With less than 4 weeks to go until the 2016 Ironman African Championships, I thought it appropriate to write about my experience about taking part in my first full Ironman in 2015.
After previously being told by an ex that I would never be able to complete a full marathon, I naturally entered one, and then another and found myself quickly progressing to the 2Oceans Ultra Marathon.
After getting a bit bored of running I decided to set myself a new challenge and entered Ironman 70.3 in East London, which is a triathlon that consists of a 1.8km swim, 90km cycle and a 21.1km run. Not knowing where to start, I joined Embark, a triathlon training group run by head coach STeve Atwell, focused on getting beginners through their first triathlon.
Half way through the training program I thought what the hell, and entered the Ironman African Championships held in Port Elizabeth. It is a long distance triathlon consisting of a 3.8km swim, 180km bicycle ride and a marathon – 42.2 km run, raced in that order with no break. It is deemed one of the most difficult one-day sporting events in the world.
Through training, I made many friends, but 3 (previous Ironman finishers) who are very close to my heart are Stephanie Smit, Daniel Appel and Darrin Hofmeyr, who without, I don’t think I would’ve managed. Balancing work and an intensive training schedule like this takes its toll, both mentally, physically and professionally, but to have companions like that to learn from and surround myself with made it easier. On looking back I can honestly confess that my work took a bit of a knock, but at the end of the day it’s 6 months of sacrifice to achieve a goal that not many can say they have achieved.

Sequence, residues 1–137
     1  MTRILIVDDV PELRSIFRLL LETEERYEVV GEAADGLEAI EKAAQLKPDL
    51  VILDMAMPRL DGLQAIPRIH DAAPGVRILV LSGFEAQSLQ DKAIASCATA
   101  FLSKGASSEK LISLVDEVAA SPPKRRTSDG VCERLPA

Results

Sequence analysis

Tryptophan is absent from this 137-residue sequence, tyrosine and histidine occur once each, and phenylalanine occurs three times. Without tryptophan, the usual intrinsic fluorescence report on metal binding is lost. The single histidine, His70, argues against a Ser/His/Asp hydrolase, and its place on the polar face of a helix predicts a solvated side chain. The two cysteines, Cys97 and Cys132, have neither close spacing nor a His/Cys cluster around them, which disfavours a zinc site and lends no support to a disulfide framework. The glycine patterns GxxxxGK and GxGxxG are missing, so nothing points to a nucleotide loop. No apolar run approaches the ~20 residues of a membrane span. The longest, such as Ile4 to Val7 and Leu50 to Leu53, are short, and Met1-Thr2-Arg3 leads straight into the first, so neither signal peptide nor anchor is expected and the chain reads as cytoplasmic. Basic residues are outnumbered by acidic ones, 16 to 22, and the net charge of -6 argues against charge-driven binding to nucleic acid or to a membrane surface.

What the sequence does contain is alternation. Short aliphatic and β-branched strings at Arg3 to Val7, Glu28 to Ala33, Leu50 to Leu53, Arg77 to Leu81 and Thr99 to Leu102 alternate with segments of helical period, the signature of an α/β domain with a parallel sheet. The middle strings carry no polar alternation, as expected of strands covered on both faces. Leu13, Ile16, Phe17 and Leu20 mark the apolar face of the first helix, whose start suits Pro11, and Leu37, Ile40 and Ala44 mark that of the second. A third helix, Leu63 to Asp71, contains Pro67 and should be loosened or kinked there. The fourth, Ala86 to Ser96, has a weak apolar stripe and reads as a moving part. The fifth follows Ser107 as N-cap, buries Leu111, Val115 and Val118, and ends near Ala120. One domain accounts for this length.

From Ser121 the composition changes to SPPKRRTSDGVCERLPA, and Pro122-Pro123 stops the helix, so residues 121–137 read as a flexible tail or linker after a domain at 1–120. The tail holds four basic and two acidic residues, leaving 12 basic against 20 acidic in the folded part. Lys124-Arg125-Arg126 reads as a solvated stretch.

A typical training week would look as follows:
Monday – morning swim squad (approx. 2km) – evening 90min spin class
Tuesday – morning track (run sprints)
Wednesday – morning swim at Sea Point Pavilion of 2.5km – evening gym session
Thursday – morning hill repeats on the bike – evening long run between 10 – 20km
Friday – morning 2-3km canal swim in the waterfront canal
Saturday – brick session 100km cycle, 15km run, which increased as the weeks went by and our final brick session was a 180km cycle and 20km run
Sunday – rest day
What many people don’t know is that a few months before and 2 MRI’s later I discovered I was suffering from a stress fracture of my femur and a torn labrum, which had me on crutches from January up until Ironman. I was not allowed to run and aqua jogged to replace the running section in our program. I was advised by specialists not to partake because I stood the chance of shattering my femur. Taking to heart the concern of others and listening to the expert opinions (because everyone is a professional) I decided to do it, even if it meant I walked the whole 42.2km. Giving up after coming this far was definitely not an option.
After many months of training, some dark moments and a few ‘I’ve had enough’ tantrums, race day arrived.
The event has a strict time limit of 17 hours from start to finish including transition time between disciplines and typically starts at 7:00 a.m. The cut off for the 3.9 km swim is 9:20 a.m (2 hours 20 minutes), the bike cut off time is 5:30 p.m. (8 hours 10 minutes), and the marathon cut off is midnight (6 hours 30 minutes).